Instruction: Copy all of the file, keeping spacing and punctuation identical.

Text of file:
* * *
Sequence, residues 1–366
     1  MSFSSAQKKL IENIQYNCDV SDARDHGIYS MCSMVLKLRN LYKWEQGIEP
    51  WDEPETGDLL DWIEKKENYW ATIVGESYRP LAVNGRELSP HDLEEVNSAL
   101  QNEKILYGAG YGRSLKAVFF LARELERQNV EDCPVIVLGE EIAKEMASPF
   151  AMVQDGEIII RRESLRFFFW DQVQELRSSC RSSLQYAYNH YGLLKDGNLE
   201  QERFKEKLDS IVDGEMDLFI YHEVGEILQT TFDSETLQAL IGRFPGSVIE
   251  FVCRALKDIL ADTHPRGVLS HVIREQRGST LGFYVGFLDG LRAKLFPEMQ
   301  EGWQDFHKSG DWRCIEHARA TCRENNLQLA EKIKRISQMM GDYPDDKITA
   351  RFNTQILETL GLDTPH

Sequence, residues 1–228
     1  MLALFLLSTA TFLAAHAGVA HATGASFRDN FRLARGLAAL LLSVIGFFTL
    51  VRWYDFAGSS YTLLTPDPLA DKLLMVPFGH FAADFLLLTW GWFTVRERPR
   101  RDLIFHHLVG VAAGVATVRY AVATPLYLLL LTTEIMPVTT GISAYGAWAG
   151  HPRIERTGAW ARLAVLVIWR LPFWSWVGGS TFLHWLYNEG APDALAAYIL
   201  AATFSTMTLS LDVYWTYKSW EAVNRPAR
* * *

Sequence, residues 1–366
     1  MSFSSAQKKL IENIQYNCDV SDARDHGIYS MCSMVLKLRN LYKWEQGIEP
    51  WDEPETGDLL DWIEKKENYW ATIVGESYRP LAVNGRELSP HDLEEVNSAL
   101  QNEKILYGAG YGRSLKAVFF LARELERQNV EDCPVIVLGE EIAKEMASPF
   151  AMVQDGEIII RRESLRFFFW DQVQELRSSC RSSLQYAYNH YGLLKDGNLE
   201  QERFKEKLDS IVDGEMDLFI YHEVGEILQT TFDSETLQAL IGRFPGSVIE
   251  FVCRALKDIL ADTHPRGVLS HVIREQRGST LGFYVGFLDG LRAKLFPEMQ
   301  EGWQDFHKSG DWRCIEHARA TCRENNLQLA EKIKRISQMM GDYPDDKITA
   351  RFNTQILETL GLDTPH

Sequence, residues 1–228
     1  MLALFLLSTA TFLAAHAGVA HATGASFRDN FRLARGLAAL LLSVIGFFTL
    51  VRWYDFAGSS YTLLTPDPLA DKLLMVPFGH FAADFLLLTW GWFTVRERPR
   101  RDLIFHHLVG VAAGVATVRY AVATPLYLLL LTTEIMPVTT GISAYGAWAG
   151  HPRIERTGAW ARLAVLVIWR LPFWSWVGGS TFLHWLYNEG APDALAAYIL
   201  AATFSTMTLS LDVYWTYKSW EAVNRPAR